The idea is to convserve weight as much as possible.  Toward that goal we only carried two-man tarps since we hiked in the buddy system.  You shared a tarp with a buddy.  You could set it up with an air gap or if rain was possible or present, you could set it up on the ground.  Our tarp tents had numerous straps on the ridge line so we could actually make doors that closed.  Our tarps were larger than the one in the photo.  We set up camp in a mid level area of a mountain or hill.  Never in the valley and never on the top.  The tarp was tied to a tree with nylon string.  On more advanced trips with experienced hikers, we would let each group do their own cooking.  They could team up with other 2 man groups if they wanted.  The trip leaders would sleep together.  Each day, a new hike leader was designated for a half day.  That person would read the map, set the pace, make the rest stops and insure we reached the designated target camp in time to set up camp, cook and eat a meal, and have an evening worship time before the sun set.  Lunch was always a snack of trail mix, peanuts, carob chips, and raisins.  On the trip, we covered advanced orienteering with map and compass triangulation, basic astronomy, survival, nature, weather, and made regular stops for meditation, personal vespers, evening worship, and personal devotion time.  On one trip, one of the campers was learning how to preach and asked if he could go around Cedar Lake park and ask people if they wanted to attend the evening worship at our camp.   He rounded up 20 people.  That was very neat.

The RA Canoe Trip

The annual canoe trip was just one week and attached to Camp Hudgens.  They started on Monday afternoon and originally ended Friday afternoon.  When we went to going home on Fridays, they moved the end to Thursday afternoon.  In the beginning, they didn't even meet at camp at all.  Bro Paul wanted them to at least come in on the end of the trip to participate in the closing campfire service.  We usually put them at Unit I lodge and later Unit III lodge.  Without fail, they almost always got into some kind of trouble while at camp.  that's because their discipline struture was nonexistent and camp structure was very military.  My earliest memory of the trip was in 1979.  The original trip leader was still in charge.  I don't recall his name.  The week was terrible with constant rain.  I just know that they rolled in on Friday at noon.  They came into the dinning hall and looked like a rag tag group who had gone through war.  The leader was not very happy.  I remember him telling Bro. Paul he would never do another trip again.  In 1980, we met a guy named Herb Shaw.  He was the new leader for the trip.  His new rag tag group had nicknames such as bear, rotten, and squirrel.  Herb started with the original route then decided to change it to a more scenic route on the mountain fork branch of the river.  Herb lead the trips until he was hired on as camp caretaker and at that time the trips came to an end.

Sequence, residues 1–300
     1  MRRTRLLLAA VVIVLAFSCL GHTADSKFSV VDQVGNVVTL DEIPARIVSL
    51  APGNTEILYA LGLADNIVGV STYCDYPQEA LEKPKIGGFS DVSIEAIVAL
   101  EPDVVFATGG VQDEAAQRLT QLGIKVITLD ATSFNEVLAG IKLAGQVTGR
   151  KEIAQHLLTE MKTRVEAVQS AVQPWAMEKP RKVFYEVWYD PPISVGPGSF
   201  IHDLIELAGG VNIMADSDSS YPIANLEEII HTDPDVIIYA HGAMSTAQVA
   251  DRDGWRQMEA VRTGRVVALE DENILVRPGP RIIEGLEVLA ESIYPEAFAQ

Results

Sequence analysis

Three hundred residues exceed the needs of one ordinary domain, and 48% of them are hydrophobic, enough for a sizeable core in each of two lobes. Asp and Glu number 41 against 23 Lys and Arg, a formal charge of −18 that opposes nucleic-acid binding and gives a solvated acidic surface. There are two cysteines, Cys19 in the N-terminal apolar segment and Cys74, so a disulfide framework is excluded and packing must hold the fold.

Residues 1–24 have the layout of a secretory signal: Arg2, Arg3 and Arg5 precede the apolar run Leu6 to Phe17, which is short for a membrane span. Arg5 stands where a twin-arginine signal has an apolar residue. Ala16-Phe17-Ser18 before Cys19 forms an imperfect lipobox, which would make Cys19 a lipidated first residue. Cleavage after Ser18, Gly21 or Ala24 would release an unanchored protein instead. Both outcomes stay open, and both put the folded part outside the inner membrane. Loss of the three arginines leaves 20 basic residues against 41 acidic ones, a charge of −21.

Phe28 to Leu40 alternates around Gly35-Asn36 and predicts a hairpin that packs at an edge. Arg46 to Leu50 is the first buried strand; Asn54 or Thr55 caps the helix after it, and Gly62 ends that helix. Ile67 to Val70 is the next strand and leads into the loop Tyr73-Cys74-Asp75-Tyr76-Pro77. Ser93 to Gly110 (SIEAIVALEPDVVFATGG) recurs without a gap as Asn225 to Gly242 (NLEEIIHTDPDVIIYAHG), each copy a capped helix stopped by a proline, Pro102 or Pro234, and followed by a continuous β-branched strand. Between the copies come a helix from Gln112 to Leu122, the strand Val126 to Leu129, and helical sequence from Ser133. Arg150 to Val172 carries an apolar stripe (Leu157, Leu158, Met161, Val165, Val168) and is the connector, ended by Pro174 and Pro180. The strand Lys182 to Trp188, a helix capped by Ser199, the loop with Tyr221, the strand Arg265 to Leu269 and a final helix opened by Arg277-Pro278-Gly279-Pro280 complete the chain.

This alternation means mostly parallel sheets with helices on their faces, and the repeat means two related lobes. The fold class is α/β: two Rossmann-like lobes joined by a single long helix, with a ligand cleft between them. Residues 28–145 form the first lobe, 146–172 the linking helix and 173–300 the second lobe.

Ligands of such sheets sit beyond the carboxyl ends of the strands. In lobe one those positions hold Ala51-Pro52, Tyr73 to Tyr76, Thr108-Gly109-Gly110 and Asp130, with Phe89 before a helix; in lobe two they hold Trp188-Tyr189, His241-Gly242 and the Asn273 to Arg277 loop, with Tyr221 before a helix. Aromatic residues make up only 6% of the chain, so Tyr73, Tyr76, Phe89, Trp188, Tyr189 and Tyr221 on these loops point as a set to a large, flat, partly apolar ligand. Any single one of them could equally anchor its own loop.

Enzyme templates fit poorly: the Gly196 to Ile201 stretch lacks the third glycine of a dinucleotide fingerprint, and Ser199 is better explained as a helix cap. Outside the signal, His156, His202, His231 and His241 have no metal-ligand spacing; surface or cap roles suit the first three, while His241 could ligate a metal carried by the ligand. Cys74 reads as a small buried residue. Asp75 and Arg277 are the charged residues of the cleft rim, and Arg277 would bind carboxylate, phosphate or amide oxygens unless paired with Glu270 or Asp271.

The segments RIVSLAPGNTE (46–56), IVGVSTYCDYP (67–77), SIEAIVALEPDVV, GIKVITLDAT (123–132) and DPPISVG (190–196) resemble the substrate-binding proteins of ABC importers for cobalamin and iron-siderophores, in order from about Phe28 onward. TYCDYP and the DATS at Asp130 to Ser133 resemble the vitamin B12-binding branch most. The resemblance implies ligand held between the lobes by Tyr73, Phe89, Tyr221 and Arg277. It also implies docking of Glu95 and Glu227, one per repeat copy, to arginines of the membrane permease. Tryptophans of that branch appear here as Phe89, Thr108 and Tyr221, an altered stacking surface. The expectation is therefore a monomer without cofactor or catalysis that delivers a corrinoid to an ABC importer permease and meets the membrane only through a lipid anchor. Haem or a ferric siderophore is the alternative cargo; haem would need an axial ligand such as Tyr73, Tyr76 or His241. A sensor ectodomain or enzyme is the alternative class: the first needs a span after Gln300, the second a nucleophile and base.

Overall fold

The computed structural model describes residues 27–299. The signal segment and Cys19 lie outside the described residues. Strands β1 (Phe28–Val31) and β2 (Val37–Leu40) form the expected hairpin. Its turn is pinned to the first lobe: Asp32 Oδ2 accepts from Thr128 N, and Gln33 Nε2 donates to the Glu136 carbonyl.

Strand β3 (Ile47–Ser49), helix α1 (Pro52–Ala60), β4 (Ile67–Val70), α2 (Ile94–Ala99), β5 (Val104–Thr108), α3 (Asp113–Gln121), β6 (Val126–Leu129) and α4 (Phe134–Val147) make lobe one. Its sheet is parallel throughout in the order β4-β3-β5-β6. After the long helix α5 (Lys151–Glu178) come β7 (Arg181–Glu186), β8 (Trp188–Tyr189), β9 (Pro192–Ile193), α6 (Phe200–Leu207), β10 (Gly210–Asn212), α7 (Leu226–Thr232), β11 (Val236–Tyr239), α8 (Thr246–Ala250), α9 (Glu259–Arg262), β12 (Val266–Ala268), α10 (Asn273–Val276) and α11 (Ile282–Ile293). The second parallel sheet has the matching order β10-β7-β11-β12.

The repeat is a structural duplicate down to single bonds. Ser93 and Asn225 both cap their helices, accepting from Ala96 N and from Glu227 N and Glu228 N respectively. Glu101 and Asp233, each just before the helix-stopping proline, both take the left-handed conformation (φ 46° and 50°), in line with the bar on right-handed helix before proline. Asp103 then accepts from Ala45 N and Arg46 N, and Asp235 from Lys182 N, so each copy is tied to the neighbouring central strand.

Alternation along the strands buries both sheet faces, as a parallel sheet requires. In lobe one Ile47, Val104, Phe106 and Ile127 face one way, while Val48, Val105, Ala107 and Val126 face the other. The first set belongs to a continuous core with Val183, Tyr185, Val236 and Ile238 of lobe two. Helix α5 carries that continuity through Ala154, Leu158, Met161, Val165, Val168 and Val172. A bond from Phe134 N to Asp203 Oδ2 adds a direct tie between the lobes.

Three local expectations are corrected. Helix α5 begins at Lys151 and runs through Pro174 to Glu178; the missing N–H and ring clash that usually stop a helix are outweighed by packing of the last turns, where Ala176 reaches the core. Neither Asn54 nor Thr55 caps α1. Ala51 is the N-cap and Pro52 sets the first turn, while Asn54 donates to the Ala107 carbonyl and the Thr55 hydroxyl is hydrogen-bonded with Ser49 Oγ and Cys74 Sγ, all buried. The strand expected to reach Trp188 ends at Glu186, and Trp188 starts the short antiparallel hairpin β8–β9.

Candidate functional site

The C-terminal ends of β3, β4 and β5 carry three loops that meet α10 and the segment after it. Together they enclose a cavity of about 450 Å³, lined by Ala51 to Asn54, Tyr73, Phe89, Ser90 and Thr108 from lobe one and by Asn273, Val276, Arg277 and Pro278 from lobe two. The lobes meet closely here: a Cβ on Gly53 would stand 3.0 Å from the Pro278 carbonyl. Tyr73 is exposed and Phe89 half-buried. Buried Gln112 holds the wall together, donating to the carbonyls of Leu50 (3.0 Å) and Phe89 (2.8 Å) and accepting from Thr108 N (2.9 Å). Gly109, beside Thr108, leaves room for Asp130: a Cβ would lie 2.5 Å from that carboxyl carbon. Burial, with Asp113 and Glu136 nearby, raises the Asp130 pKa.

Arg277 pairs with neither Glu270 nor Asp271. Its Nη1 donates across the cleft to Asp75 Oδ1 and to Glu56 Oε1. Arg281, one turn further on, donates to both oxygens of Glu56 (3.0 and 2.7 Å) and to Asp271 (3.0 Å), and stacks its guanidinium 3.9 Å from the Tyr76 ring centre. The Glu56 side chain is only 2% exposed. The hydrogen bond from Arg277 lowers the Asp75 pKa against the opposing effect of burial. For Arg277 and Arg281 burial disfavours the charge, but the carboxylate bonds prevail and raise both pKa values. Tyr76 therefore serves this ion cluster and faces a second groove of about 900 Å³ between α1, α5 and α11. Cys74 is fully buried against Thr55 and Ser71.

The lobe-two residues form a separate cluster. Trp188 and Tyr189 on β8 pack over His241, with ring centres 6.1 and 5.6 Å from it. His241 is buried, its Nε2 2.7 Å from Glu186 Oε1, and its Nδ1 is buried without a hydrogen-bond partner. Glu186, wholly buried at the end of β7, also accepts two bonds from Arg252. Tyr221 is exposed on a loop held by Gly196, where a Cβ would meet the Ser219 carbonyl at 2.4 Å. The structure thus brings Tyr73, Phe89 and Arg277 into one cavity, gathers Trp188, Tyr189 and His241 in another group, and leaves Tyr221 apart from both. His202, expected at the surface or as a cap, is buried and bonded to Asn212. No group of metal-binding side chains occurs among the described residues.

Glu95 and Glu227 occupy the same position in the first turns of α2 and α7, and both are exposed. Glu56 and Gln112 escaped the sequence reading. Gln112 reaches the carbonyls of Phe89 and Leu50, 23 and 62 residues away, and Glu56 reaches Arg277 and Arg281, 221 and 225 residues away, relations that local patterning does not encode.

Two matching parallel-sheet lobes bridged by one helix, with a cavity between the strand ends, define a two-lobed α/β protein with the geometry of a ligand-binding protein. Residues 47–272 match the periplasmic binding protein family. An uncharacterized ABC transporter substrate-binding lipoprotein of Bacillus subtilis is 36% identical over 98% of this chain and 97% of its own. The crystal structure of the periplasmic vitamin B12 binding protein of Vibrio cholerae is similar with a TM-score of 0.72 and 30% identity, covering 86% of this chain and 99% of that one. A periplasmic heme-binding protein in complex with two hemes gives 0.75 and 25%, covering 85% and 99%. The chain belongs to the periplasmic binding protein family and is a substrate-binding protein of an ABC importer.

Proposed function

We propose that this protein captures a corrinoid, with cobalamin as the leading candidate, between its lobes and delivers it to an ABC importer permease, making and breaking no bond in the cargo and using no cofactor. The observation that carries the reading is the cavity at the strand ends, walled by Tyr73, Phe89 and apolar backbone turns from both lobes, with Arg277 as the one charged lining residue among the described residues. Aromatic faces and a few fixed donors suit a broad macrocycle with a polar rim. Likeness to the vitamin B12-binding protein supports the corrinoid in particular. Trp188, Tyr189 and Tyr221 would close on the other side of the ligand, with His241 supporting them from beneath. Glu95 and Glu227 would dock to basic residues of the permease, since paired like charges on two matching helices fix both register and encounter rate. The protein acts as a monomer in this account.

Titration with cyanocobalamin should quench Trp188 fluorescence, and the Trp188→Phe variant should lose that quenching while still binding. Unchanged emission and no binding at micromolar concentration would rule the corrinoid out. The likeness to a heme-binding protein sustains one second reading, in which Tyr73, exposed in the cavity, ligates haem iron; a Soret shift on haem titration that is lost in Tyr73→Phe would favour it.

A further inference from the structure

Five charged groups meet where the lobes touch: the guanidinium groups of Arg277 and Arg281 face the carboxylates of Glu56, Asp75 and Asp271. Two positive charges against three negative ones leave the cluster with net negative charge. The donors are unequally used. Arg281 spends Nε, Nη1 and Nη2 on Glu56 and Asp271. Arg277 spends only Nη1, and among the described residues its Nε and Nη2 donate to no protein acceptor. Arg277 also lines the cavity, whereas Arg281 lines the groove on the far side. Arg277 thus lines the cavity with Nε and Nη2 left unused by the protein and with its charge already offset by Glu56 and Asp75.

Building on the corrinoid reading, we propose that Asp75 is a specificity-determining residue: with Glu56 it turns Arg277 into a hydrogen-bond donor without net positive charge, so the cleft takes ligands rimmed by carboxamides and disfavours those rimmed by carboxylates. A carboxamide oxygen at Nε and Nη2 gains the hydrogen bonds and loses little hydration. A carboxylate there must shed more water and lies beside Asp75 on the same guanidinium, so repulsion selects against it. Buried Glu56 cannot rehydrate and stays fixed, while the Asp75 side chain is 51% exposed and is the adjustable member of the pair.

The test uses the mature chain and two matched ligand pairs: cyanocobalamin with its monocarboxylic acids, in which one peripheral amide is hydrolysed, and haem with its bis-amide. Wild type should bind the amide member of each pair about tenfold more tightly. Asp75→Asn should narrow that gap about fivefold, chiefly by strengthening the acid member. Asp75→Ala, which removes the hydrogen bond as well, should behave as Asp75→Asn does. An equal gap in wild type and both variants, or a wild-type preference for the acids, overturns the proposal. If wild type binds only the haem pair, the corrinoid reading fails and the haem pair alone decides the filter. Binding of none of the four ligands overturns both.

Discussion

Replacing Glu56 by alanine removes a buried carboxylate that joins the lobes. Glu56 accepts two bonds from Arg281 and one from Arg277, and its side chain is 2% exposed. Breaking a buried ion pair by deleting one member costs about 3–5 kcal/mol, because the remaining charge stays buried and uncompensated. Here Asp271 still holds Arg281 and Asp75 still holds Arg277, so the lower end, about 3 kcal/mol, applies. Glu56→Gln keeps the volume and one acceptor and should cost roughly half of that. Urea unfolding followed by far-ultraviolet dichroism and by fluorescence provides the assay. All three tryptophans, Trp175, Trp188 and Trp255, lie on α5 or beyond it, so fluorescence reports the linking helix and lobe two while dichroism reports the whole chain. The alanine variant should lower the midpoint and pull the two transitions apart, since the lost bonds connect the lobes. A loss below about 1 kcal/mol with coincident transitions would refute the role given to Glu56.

Toward the last years of the canoe trip, Herb had switched the location to the lower mountain fork river near Broken Bow.  He did this due to over commercialization of the Illinois River.  I guess you can just about say that about the mountain fork now.  They kept the same schedule for the trip but it became more and more difficult to coordinate the logistics.  Costs also went up on fuel, groceries, insurance, etc.  It was then decided that when Herb became camp caretaker, we would end the trips.  Herb then donated the canoes he had purchased for the trip to camp.  Due to his dilligent maintenance, they were the best canoes we had.  It greatly benefited the waterfront program.

Bob Gilmore

Bob pre-dated me by a decade at least.  He was a devout Eagle Scout and an Army veteran.  He is buried in the McAlester cemetery.  Herb Shaw handled his funeral with some help from me as I could give it.  Bob helped any where he could and spent a lot of time off season helping Lloyd.  He helped with the canoe trips and also did the primer canoe trips from Bull Creek to Coal Creek and then to Lake Eufaula.  Bob was an avid outdoorsman with significant wilderness skills.  When Bob passed away, he was working for the City of McAlester.